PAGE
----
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J.P. Morgan's Personal Librarian, Belle Greene, Passed As White To Avoid Racism and Segregation.

History is full of surprises. Some interesting, some unusual, and some enlightening.

Belle Greene, Librarian

Belle Greene, Librarian

Early Life of Belle Greene

Born to free Black parents as Belle Marion Greener in 1879 in Washington, D.C. Her parents were Richard and Geneviene Greener. Her father was the first black graduate of Harvard University in 1870. He worked as a lawyer and professor while her mother taught music. After her parents separated, light-skinned Belle and her mother and siblings seized the opportunity to pass as white. This was still a segregated and racist world. They would distance themselves from their father who said he would not support his children after age eighteen.

Her mother changed her maiden name to Van Vliet, while Belle replaced the name Marion with Da Costa to accent a Portuguese background and dropped the 'r' from Greene.

Belle reinvented herself, avoiding racism to gain access and acceptance as white. She would cross the line over to white. By passing as white, Belle achieved a noted professional career. It was not until after her death that historian Jean Strouse discovered the birth certificate that she was black.


Belle Begins Work

In 1902, Belle, unable to afford college, began working at Princeton University, training in cataloging and reference work, developing a love and knowledge of rare books. While at Princeton, she met Julius Spencer Morgan II, and he introduced her to his uncle, J.P. Morgan. It was perfect timing as Morgan needed a personal librarian for his massive book collection. He hired Belle in 1905 and put her in charge of organizing, cataloging, and shelving his library.

Before long, J.P. Morgan, who trusted Belle completely, represented him abroad, buying and selling rare manuscripts, books, and art. Belle became known as intelligent, knowledgeable, and charismatic.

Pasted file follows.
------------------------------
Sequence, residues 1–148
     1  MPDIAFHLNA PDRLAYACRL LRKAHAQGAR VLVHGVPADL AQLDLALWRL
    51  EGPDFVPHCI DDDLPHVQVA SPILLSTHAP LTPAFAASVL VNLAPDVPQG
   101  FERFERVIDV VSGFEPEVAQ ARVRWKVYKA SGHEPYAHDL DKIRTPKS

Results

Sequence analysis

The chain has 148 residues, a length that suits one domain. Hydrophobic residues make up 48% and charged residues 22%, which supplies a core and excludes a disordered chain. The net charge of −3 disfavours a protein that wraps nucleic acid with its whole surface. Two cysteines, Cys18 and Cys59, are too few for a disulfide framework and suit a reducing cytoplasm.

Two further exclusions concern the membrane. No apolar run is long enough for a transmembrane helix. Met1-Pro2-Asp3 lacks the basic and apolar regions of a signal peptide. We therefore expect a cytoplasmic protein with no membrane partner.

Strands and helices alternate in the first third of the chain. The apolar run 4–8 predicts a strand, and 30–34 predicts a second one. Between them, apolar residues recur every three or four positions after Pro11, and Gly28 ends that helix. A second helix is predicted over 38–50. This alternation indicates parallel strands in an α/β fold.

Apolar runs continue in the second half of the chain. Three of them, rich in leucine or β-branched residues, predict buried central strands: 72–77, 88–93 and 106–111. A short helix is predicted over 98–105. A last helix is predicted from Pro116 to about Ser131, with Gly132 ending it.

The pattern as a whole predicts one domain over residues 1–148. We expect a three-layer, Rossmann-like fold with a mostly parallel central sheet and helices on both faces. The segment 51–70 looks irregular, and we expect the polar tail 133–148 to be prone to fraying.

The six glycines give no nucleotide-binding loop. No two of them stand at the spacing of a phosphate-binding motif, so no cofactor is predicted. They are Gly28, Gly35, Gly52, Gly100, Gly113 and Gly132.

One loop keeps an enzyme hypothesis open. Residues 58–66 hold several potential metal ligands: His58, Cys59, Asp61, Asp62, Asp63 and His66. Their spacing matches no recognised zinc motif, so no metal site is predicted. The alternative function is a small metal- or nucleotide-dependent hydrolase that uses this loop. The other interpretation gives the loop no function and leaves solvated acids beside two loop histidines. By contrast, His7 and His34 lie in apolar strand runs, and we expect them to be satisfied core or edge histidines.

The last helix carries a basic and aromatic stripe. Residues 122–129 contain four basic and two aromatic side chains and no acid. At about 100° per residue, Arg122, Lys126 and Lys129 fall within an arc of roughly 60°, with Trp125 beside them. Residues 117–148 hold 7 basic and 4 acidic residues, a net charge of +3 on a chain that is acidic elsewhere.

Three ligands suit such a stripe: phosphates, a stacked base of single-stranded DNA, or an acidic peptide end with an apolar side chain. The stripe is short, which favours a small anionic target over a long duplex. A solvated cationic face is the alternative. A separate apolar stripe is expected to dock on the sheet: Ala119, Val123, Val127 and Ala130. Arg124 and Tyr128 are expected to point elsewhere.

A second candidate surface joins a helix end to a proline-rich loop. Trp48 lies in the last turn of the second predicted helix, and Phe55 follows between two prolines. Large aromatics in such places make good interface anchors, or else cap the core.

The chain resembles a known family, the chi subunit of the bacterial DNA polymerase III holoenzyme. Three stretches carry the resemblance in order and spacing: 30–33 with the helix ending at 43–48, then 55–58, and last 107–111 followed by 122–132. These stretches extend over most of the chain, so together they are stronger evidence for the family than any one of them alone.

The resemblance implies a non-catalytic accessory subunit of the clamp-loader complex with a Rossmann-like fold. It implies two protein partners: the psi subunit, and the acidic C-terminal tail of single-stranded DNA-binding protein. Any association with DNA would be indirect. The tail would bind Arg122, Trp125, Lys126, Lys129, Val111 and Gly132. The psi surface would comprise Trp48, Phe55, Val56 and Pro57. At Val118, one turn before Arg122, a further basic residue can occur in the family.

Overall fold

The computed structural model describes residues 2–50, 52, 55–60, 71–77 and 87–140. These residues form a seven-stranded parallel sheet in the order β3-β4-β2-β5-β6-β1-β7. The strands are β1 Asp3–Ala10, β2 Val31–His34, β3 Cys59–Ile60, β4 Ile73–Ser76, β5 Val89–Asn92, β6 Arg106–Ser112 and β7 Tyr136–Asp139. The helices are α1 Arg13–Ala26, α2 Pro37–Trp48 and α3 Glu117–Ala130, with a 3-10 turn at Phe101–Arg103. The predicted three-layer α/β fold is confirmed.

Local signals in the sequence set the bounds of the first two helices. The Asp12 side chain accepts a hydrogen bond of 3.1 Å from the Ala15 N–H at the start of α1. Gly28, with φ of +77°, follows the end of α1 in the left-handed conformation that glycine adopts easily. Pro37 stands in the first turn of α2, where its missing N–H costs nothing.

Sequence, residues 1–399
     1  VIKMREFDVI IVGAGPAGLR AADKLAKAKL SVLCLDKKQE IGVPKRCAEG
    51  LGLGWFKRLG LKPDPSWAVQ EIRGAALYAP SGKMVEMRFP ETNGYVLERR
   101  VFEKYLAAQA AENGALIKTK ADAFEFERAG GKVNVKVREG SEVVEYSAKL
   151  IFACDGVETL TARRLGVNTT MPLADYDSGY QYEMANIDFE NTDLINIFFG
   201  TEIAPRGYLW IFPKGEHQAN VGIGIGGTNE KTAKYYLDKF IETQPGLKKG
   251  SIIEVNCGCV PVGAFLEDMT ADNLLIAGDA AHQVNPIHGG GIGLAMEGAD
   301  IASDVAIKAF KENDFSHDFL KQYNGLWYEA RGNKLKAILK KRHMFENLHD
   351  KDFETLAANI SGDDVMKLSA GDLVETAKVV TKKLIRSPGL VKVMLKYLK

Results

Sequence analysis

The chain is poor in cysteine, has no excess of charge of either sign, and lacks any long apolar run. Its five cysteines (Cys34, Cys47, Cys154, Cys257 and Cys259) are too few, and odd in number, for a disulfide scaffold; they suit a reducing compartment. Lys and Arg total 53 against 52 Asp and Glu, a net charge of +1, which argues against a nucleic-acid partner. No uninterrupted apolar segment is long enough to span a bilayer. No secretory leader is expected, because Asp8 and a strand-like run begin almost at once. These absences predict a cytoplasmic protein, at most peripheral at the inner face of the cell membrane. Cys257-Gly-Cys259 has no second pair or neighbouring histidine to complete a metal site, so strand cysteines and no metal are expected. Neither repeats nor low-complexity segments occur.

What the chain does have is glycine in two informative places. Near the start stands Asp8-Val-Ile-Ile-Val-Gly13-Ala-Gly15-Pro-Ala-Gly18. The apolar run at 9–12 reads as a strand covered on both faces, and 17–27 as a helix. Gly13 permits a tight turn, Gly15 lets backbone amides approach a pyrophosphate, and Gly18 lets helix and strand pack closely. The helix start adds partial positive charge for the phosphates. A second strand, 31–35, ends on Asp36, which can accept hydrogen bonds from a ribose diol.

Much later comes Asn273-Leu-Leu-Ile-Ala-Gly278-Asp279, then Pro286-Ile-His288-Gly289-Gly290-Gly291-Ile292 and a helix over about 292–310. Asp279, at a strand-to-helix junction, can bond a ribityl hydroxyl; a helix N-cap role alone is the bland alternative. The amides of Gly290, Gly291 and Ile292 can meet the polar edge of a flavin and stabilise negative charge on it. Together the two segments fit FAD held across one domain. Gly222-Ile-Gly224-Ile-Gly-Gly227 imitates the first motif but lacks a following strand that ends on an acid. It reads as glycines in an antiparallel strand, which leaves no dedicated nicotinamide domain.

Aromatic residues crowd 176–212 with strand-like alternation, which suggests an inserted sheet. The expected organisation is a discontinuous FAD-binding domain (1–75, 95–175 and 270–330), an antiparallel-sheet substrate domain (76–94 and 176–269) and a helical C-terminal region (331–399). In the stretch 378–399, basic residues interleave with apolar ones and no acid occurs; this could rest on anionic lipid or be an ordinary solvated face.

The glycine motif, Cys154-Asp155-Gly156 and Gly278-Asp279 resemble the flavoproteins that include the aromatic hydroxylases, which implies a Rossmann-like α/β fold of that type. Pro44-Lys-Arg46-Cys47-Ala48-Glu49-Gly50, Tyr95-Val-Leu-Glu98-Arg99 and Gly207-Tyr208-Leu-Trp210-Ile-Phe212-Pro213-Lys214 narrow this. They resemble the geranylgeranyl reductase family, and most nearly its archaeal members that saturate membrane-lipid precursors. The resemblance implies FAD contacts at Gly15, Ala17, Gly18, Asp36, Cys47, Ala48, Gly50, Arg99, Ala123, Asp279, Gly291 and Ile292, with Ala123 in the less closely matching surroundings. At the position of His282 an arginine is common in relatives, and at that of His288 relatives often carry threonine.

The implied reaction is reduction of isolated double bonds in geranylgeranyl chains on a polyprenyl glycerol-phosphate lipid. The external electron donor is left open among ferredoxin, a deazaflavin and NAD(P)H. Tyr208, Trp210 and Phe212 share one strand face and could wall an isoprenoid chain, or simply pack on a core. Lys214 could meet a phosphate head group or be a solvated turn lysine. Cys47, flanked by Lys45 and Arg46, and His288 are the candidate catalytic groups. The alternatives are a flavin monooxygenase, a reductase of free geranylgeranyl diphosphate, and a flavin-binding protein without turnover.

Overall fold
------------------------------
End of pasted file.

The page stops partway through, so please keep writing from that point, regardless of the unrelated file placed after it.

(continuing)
Belle was extremely successful in purchases for Morgan. She bif on seventeen highly sought-after William Caxton books and made another bid of $50,000 for a rare book. J.P. Morgan died in 1913 and left Belle $50,000 in his will so she could live comfortably. She did worry that Mogan's son, Jack, would not continue with his father's wishes. But Jack did want to continue the legacy and named the library Piermont Morgan Library for use by the public and named Belle as director.

Her vision to make the Morgan Library one of the greatest in the world propelled her to fame. Belle started as J.P. Morgan's personal librarian and then became director of the Morgan Library. She worked a total of forty-three years for the Morgans.

Belle retired in 1948 and died in 1950. She is buried in Kensico Cemetery, Valhalla, New York.


Belle Greene Bidding at Auction

Belle Greene Bidding at Auction

Morgan Library

Morgan Library

Morgan Library

Morgan Library

Entrance to Morgan Library

Entrance to Morgan Library

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Belle's Life, Fashion, and Loves

Over the years Belle was the perfection of charm, intelligence, and flamboyant fashion. Reporters often asked Belle about her dress. Belle replied:

  • "I am a librarian, but I don't have to dress like one."

Belle never married, perhaps because she thought about how her past could come to bite her if she had children. Rumors suggest Belle had several liaisons, one longer with married Bernard Berenson, an art critic sharing a lot in common. She was thought to have an affair with a Norweigan count, a British duke but records are scant.

Belle's life has been challenging to prove as she burned all her personal records shortly before she died. However, her lengthy letters to Berenson were kept by his wife and are housed at the Morgan Library.


Belle Greene

Belle Greene

Fashionable Belle Greene

Fashionable Belle Greene

Morgan Library And Museum

The Morgan Library And Museum is at 225 Madison Ave., New York, 212-685-0008. Thousands of books, manuscripts, art, and artifacts are meticulously shelved and exhibited. The Library holds lectures, displays exhibits, gives publications and offers research opportunities.

The Library created a Fellowship in the name of Belle Da Costa in her honor. Belle was the first person of color and the second woman to be elected as a fellow in 1939.

There are several books about Belle Greene, one by authors Benedict and Arnold, The Personal Librarian. Another, The Illuminated Life of Belle Greene, by author Heidi Anderson.

Book, The Personal Librarian

Book, The Personal Librarian

Sources Used

https://www.npr.org/sections/codeswitch

https://www.kirkreviews.com

https://www.themorgan.orgbelle-greene

https://www.history.net/belle

https://en/wikipedia.org/bellegreene

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